By Katie Dahl
As the only international student in the running to be Algonquin’s new Student Association president, Arvindkumar Chavda is thankful he took on the challenge.
Chavda has only spent six months in Canada, all of them in Ottawa, and so far is having a good experience and loves the environment.
Motivated by the lack of international student representation and his two month road to becoming a member of the board of directors, he felt he may as well go for the president position.
“I never actually thought about it [being president] even when I was applying for the position of director,” Chavda said.
With previous experience in management and volunteering he feels he has the skills needed to be a leader of the college’s student population.
“There are students who are ready to work for you, you just have to go ahead and become their leader,” said Chavda.
Chavda gained many of his leadership skills when he lived and went to school in his home country of India. He ran and co-founded a club, worked for the council committee and hosted a technical event throughout his previous years of education.
When it comes to the issues that Algonquin students are facing today Chavda said he recognizes that a dialogue is needed between the Student Association and the student body.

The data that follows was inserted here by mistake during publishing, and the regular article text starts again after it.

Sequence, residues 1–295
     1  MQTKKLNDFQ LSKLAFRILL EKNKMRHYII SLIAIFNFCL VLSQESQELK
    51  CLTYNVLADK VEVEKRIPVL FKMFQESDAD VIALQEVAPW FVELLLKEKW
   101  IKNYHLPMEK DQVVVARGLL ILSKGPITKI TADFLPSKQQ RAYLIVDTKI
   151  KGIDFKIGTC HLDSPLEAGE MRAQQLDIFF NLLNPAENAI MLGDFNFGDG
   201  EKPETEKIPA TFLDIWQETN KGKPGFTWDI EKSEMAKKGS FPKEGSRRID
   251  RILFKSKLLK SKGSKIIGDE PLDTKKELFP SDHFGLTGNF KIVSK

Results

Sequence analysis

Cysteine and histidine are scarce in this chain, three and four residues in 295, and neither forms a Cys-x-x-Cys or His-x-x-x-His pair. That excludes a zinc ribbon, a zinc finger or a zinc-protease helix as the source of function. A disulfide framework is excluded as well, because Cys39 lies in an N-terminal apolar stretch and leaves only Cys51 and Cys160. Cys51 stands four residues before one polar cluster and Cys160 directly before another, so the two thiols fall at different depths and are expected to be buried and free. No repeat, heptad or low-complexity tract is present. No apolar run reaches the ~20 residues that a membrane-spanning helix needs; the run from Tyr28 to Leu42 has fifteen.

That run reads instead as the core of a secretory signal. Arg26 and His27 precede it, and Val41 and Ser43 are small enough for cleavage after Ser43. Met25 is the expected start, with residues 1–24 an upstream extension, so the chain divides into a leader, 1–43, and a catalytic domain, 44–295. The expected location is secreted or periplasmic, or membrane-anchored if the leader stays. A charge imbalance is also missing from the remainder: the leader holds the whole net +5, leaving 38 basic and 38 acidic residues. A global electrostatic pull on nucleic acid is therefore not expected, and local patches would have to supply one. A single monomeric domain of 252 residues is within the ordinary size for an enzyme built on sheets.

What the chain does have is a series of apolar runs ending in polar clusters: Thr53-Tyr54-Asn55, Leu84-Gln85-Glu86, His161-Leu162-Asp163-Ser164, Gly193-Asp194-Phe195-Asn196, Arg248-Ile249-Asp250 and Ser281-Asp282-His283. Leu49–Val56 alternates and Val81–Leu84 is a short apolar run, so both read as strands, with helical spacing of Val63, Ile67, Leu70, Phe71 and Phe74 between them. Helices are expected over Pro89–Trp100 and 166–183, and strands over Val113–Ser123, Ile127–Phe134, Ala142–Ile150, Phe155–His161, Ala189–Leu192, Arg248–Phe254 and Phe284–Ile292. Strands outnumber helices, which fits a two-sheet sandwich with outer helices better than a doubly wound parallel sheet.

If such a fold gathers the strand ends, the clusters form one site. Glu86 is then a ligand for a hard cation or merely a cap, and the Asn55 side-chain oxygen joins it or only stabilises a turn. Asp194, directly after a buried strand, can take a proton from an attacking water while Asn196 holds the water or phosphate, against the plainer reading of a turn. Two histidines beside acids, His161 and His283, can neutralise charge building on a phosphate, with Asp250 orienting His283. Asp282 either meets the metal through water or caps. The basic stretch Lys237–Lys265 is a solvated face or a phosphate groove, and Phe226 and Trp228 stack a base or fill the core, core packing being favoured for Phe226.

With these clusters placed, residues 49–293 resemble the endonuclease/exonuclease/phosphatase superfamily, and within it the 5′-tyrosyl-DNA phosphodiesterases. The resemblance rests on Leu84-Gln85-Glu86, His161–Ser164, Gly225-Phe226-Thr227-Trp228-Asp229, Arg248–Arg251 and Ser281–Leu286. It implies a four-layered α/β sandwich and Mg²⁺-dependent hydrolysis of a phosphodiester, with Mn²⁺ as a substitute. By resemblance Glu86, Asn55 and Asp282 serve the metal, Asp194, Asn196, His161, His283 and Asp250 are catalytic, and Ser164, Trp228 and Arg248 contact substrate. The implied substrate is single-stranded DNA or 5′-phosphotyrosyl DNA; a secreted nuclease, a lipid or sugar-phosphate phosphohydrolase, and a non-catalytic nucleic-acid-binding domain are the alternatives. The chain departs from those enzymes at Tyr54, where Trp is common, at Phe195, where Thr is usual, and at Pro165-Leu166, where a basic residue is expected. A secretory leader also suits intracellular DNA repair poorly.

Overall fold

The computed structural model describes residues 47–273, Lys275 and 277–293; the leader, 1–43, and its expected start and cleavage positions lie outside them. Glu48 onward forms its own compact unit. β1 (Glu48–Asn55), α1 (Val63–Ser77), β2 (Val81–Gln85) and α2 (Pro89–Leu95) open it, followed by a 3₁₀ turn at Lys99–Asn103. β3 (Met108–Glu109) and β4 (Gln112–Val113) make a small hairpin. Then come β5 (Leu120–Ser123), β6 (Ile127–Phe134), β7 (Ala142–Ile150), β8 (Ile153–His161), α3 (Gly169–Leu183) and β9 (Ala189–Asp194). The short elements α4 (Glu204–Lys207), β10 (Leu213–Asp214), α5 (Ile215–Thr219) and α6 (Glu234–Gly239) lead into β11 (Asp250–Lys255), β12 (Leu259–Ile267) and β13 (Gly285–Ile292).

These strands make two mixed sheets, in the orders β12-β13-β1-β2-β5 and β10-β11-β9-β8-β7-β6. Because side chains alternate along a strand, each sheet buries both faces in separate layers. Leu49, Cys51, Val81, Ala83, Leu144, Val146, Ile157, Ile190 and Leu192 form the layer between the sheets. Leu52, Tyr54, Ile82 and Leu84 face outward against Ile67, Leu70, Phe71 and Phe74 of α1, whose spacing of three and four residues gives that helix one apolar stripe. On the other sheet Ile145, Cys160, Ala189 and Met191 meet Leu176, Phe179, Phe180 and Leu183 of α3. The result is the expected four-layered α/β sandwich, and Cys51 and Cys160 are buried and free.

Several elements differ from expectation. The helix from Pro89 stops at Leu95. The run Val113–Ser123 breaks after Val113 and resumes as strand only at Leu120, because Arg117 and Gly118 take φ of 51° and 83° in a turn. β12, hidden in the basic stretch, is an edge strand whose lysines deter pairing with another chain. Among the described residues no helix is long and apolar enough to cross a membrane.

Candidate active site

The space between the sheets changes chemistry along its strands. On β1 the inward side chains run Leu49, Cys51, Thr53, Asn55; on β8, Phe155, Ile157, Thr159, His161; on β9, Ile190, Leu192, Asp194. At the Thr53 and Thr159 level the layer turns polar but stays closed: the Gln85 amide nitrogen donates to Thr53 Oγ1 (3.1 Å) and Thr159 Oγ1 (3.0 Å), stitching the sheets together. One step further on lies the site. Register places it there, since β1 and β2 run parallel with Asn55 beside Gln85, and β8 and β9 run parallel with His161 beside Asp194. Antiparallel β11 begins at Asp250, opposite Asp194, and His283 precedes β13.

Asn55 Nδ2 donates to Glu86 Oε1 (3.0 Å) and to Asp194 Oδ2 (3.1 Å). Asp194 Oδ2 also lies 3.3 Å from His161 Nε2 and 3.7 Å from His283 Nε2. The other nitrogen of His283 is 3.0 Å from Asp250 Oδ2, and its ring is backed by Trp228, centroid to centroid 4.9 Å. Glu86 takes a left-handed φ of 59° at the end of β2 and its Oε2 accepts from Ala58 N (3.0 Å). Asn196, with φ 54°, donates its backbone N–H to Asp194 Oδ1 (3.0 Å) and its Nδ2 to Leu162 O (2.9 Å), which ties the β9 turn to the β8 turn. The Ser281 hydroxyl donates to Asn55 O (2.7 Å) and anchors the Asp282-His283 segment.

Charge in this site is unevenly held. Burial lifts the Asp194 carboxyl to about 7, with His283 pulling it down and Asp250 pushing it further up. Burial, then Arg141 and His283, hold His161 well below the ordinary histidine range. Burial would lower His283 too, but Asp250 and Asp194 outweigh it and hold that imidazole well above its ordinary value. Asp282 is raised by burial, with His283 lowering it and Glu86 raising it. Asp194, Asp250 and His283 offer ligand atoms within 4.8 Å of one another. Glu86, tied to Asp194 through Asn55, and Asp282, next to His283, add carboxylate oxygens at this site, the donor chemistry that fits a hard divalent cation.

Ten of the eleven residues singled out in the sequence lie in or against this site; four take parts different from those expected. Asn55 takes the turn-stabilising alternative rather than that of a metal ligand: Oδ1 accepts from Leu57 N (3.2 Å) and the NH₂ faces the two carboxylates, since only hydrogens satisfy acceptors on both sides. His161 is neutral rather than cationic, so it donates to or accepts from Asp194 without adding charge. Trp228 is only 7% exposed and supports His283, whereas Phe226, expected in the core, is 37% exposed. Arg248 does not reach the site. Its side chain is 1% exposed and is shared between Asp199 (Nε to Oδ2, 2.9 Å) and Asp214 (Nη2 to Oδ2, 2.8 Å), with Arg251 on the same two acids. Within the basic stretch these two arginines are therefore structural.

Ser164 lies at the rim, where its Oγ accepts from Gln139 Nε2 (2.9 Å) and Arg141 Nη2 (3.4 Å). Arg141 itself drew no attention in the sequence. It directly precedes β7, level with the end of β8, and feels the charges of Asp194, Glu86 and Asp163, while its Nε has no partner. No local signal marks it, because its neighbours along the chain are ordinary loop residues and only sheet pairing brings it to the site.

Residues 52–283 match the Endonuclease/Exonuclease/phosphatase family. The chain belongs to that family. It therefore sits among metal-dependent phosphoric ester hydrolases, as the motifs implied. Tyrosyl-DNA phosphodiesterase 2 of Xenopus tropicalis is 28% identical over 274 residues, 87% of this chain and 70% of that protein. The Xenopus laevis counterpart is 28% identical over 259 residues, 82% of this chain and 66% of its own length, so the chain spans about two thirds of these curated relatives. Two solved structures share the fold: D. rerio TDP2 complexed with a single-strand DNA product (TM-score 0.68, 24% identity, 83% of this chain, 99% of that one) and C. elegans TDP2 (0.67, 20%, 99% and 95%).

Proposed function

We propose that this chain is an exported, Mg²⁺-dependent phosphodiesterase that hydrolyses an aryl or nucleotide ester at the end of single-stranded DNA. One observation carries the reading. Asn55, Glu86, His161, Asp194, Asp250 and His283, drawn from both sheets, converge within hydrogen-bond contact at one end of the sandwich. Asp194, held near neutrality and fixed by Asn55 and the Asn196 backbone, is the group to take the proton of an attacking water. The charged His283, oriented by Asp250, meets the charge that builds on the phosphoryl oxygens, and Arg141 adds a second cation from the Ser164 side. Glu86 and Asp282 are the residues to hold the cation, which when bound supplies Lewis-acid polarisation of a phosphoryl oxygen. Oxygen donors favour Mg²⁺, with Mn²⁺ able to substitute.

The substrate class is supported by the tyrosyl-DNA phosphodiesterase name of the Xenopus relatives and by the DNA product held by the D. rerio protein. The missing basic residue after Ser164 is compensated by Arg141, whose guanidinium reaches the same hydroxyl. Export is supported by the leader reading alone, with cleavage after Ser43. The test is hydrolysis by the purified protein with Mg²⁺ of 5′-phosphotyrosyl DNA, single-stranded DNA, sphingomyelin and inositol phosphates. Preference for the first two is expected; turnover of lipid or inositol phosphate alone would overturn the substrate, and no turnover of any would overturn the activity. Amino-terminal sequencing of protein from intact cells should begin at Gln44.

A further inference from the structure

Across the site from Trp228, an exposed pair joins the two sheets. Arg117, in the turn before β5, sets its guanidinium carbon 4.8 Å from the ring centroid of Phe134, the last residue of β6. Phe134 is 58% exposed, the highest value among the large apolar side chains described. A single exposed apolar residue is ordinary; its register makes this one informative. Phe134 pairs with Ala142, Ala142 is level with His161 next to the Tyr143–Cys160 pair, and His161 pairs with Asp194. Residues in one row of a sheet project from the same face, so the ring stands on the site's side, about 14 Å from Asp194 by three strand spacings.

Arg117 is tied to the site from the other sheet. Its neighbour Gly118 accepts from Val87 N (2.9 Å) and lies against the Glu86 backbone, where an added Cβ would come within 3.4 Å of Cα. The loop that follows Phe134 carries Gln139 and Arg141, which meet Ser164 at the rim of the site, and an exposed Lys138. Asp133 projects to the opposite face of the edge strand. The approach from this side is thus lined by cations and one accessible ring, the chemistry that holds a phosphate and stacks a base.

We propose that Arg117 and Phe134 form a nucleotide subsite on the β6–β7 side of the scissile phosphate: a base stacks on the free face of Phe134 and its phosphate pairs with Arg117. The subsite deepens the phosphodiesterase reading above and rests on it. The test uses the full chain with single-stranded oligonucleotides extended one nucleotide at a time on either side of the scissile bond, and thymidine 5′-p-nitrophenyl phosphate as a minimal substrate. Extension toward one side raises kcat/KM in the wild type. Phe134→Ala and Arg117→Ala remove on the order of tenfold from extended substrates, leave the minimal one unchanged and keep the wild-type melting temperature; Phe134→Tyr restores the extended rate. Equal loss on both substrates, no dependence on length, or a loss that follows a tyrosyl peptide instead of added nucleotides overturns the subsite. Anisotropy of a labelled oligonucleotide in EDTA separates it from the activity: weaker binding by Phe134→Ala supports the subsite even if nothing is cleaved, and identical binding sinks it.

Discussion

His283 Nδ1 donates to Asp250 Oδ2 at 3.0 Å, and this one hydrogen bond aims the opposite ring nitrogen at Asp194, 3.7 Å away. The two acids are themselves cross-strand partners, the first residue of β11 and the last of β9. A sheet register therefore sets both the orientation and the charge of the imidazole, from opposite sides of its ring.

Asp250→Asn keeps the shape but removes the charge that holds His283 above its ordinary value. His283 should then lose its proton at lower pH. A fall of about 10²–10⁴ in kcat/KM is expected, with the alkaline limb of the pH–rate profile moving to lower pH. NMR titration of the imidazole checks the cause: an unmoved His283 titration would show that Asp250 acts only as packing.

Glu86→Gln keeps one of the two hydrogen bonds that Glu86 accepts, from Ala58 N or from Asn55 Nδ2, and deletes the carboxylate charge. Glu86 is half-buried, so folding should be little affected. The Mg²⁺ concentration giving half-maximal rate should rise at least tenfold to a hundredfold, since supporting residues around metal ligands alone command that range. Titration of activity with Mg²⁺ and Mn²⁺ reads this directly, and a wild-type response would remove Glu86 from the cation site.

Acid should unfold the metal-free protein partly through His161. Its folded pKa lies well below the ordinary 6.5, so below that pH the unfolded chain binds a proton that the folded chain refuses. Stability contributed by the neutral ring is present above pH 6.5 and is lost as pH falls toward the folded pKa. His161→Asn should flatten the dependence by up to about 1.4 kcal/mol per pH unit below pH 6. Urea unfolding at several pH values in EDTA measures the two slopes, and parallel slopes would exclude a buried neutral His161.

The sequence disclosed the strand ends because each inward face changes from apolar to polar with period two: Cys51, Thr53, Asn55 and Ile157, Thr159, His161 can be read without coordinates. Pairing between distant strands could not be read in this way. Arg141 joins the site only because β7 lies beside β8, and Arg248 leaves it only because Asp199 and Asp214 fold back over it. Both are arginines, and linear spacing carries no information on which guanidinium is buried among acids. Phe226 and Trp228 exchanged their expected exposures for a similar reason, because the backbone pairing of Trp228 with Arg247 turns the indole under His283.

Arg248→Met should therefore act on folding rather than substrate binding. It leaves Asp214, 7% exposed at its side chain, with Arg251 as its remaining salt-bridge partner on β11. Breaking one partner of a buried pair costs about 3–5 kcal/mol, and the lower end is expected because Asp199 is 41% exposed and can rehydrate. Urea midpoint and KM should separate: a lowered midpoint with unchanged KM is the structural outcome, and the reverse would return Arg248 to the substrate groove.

“You cannot just go to a student and ask them about their problems,” he said. “There is more to it than that.”
Chavda feels this is where his international student status gives him an advantage.
“Being an international student, I have that perspective of looking at things in a different way…Go around the other side of a situation and think about it in a different way and maybe that will actually help me come up with solutions,” he said.
“He has very good leadership qualities,” said friend and roommate Nitinkumar Jaiswal, adding “he is very passionate for his work.”
“My first action is to solve this U-Pass issue,” Chavda promised if elected.
Understanding that there are drawbacks and repercussions involved, he is still shocked that the issue has not come to a conclusion over the two years that it has been debated.
At the student forums he has attended over the school year the U-Pass has been a hot topic.
“All students were asking about the U-Pass only,” said Chavda.
“When I become president I’m sure that I’m going to solve this issue,” he said firmly.